Tuesday 22 January 2019

Livin' La Vida Loca in Lanzarote

From here on out, I'm going to speed things up as this review is now a year and a half overdue!

We had an adventurous day planned in Arrecife, Lanzarote. Lanzarote is one of the seven Canary Islands of Spain. With its subtropical desert climate, it is known as the "Island of Eternal Spring." The island has breathtaking volcanic landscape with vast craters and uniquely shaped rock formations.

We started the tour with a short camel ride in the volcanic lands of Timanfaya, where subsurface bubbling belies the quiet landscape. I have never been on a camel before, and I was a little surprised they did it this way. I would have preferred to sit directly on the camel (with a saddle, of course).

While the camels had muzzles, the owners treated them very well. They were not whipped or kicked at any time. They were only gently pulled or nudged. You can tell they respected one another, and that makes me very happy.

We visited Timanfaya National Park and saw the geographical events of the recent volcanic eruptions in the unearthly landscapes of the beautiful park.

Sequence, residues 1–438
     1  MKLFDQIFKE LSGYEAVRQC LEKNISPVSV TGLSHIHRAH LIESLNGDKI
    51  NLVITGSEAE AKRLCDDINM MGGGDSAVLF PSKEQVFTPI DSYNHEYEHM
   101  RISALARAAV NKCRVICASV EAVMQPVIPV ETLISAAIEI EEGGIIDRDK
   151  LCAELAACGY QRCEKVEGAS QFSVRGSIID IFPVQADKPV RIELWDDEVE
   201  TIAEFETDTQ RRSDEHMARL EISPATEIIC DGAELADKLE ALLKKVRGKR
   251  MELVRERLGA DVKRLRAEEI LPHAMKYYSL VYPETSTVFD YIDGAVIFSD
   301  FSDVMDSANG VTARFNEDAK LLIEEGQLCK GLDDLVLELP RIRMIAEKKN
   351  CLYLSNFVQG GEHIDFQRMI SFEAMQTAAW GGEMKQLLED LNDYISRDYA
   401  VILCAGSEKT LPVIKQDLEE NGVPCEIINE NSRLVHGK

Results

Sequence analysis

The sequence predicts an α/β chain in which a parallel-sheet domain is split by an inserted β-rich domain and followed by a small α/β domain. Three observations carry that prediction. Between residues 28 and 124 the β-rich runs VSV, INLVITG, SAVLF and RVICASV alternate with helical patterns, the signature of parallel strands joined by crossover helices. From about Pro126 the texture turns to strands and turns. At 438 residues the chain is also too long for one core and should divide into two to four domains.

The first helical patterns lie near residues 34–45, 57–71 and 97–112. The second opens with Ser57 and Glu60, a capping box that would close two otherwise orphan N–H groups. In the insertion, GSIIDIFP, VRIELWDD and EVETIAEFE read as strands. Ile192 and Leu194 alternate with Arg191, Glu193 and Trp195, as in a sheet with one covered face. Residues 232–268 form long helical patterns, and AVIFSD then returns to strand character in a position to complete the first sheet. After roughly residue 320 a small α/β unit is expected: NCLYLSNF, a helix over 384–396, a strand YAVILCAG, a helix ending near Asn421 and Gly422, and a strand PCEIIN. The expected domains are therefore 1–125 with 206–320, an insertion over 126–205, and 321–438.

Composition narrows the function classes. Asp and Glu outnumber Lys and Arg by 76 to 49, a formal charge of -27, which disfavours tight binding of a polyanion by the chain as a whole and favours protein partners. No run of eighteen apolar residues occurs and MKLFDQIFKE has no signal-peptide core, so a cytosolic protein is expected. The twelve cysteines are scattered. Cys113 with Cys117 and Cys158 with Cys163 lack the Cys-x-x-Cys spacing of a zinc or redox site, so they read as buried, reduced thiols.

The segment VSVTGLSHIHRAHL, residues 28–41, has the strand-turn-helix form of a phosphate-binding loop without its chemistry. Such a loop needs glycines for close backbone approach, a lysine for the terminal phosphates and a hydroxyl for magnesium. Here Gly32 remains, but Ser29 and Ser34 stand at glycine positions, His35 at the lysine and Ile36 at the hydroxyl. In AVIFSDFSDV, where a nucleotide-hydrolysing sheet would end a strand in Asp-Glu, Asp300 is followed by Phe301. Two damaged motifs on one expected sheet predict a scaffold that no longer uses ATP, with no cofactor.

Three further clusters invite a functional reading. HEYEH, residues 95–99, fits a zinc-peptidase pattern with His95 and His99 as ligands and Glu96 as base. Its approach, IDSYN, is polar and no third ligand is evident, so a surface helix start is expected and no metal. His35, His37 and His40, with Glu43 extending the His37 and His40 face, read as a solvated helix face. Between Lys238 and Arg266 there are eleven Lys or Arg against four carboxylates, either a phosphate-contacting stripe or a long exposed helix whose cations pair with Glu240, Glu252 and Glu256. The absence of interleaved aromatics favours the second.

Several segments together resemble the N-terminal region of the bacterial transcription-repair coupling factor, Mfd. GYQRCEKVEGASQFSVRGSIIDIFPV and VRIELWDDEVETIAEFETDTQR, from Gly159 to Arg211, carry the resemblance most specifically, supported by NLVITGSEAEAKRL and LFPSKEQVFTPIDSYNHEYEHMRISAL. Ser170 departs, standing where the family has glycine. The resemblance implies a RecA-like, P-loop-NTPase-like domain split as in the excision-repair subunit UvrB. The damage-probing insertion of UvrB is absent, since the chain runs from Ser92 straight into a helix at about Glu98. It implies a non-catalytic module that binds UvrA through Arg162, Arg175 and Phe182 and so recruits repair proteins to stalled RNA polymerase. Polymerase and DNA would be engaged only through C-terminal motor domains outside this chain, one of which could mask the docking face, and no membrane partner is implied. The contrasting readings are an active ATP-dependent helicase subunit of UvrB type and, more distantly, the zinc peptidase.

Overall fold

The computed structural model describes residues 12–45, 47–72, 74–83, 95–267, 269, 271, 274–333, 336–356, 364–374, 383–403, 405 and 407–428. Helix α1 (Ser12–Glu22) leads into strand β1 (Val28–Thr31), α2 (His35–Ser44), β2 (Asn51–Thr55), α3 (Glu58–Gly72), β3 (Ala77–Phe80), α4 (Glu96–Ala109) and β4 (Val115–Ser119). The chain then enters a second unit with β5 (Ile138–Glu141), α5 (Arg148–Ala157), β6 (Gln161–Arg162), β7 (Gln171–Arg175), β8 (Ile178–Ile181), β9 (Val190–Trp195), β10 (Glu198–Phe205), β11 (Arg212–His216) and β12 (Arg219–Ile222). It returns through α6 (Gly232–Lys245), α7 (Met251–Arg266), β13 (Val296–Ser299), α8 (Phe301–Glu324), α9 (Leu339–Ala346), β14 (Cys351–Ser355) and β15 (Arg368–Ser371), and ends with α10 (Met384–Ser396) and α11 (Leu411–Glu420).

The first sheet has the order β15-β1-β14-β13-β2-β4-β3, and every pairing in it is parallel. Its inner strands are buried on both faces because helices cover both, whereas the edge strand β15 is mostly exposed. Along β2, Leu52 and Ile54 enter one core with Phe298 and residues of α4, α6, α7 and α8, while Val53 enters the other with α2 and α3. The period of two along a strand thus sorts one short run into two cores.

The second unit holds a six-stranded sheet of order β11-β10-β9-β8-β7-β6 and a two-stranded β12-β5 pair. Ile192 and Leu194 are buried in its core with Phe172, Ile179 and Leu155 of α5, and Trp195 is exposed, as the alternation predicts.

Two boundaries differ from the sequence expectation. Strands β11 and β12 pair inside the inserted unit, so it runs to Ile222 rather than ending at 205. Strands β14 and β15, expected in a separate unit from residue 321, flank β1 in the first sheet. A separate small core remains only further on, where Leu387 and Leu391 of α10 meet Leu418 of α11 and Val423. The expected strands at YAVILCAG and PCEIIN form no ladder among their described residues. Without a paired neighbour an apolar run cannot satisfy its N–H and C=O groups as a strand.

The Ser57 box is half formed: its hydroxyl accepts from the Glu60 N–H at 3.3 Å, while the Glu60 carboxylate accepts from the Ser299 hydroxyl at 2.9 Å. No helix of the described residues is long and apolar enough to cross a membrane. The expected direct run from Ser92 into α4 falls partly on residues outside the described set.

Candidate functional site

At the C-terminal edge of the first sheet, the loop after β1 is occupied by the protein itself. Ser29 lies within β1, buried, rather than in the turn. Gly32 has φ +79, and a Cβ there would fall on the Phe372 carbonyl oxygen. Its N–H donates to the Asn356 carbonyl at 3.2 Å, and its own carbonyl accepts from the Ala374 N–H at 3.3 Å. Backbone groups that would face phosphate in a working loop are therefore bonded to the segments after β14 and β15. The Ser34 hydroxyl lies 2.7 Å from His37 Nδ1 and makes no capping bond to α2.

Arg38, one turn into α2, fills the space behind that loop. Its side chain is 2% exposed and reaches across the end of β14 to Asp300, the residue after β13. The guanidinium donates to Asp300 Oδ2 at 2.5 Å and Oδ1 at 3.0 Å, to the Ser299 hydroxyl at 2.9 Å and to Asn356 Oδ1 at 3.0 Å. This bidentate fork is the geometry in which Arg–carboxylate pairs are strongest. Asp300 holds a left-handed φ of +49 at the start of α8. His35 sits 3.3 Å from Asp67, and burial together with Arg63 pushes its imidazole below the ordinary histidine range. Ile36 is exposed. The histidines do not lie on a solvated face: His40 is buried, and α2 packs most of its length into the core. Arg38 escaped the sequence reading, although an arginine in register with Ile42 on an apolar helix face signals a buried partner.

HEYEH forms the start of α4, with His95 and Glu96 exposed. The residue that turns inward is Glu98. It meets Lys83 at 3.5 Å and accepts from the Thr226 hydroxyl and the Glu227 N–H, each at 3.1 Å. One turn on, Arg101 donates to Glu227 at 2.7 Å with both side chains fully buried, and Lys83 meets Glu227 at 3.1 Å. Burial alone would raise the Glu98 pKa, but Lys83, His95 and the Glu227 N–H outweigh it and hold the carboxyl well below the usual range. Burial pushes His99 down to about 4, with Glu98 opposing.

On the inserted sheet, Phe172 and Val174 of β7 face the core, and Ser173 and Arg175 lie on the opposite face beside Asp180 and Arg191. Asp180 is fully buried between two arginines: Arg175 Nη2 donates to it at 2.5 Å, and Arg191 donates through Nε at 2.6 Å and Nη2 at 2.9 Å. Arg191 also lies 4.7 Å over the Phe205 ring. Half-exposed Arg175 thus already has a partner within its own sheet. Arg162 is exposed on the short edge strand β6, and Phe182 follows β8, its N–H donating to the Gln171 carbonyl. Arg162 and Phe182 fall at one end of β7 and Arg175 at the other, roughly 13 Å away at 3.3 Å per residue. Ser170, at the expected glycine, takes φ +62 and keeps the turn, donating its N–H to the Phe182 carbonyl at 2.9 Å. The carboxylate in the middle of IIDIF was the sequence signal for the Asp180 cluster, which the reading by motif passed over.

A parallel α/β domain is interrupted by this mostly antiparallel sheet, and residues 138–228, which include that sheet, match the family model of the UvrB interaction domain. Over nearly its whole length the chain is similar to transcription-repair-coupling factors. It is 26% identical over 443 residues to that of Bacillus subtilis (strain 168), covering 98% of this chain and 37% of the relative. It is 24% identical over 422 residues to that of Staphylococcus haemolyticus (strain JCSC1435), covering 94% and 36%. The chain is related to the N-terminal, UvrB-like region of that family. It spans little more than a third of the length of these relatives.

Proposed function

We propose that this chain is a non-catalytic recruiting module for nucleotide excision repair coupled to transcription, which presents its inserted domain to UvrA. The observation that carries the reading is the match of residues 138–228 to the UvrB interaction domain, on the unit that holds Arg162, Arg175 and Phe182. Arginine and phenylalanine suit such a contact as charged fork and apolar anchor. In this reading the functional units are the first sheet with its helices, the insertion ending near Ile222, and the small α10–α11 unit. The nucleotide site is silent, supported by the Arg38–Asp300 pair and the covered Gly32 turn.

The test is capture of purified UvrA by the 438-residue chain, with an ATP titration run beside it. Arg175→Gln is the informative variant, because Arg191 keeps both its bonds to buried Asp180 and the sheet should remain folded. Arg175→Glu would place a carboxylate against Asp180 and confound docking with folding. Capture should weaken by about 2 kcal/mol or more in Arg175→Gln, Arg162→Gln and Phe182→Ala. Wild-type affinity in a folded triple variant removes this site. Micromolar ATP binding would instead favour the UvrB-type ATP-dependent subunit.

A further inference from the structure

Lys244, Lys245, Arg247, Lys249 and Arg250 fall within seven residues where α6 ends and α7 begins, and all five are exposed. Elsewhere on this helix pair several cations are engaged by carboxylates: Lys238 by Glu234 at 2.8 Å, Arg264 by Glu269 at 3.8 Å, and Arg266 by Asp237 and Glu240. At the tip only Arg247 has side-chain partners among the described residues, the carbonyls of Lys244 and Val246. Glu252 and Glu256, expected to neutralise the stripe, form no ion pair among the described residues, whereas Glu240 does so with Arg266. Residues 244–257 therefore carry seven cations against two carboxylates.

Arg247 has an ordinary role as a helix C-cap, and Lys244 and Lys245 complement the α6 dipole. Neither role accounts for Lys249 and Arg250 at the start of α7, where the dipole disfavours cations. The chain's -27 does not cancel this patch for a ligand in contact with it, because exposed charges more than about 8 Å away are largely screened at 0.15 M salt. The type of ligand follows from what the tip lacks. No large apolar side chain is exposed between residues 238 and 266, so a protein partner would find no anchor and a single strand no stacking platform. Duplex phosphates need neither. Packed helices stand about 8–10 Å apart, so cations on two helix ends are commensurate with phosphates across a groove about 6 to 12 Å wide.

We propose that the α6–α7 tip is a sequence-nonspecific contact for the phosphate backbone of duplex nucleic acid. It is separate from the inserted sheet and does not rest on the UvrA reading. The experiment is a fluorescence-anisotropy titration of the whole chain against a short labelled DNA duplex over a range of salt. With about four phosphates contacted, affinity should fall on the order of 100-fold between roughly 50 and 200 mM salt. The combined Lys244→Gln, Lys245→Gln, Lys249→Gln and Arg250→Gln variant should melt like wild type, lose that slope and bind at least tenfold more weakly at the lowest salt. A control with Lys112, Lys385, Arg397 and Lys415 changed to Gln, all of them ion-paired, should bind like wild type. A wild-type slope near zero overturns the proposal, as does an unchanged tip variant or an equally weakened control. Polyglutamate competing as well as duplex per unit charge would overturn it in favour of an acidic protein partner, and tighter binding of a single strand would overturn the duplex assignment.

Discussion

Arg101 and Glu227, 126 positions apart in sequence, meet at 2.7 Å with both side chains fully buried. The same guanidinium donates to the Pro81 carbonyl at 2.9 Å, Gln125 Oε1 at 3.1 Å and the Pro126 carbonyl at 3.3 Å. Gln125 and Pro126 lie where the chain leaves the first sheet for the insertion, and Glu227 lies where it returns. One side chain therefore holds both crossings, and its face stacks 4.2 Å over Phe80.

There were hot pockets everywhere in the park. Park employees showed us how hot the pits were by setting bushes on fire with the intense heat beneath; cold water was poured into the ground and shot back up into the surface as steam; and there was a deep pit where geothermal heat was used to cook the meat.

We also made a stop at the Bodega La Geria Winery, where lush vines flourish on barren lava fields. The winery is located in the heart of the wine country. It is also one of the oldest wineries on the island.

When we got back to the port, we stopped for a cappuccino. The harbour area was very walkable. It was small, but lively with old town charm and cobblestone.

Dinner is served late in Spain. We wanted to have dinner in a local restaurant and enjoy their seafood, so we walked around the area until sundown.

The food was delicious, and we were so so satisfied! Unfortunately, our gluttony ended up getting us in trouble.

While the ship looked like it was just around the corner, the path to the gangway was a maze. It took double the time we had expected, there was no shortcut, or direct path to the ship. We ran along the walls of the port, and through the port shops. This was the first time we were in panic mode. Thankfully, we made it back onto the ship. We ended up being the last passengers back on board, just five minutes before the gangway closed. As soon as we stepped onto the ship, they wasted no time in folding up the gangway.

Needless to say, we've learned our lesson!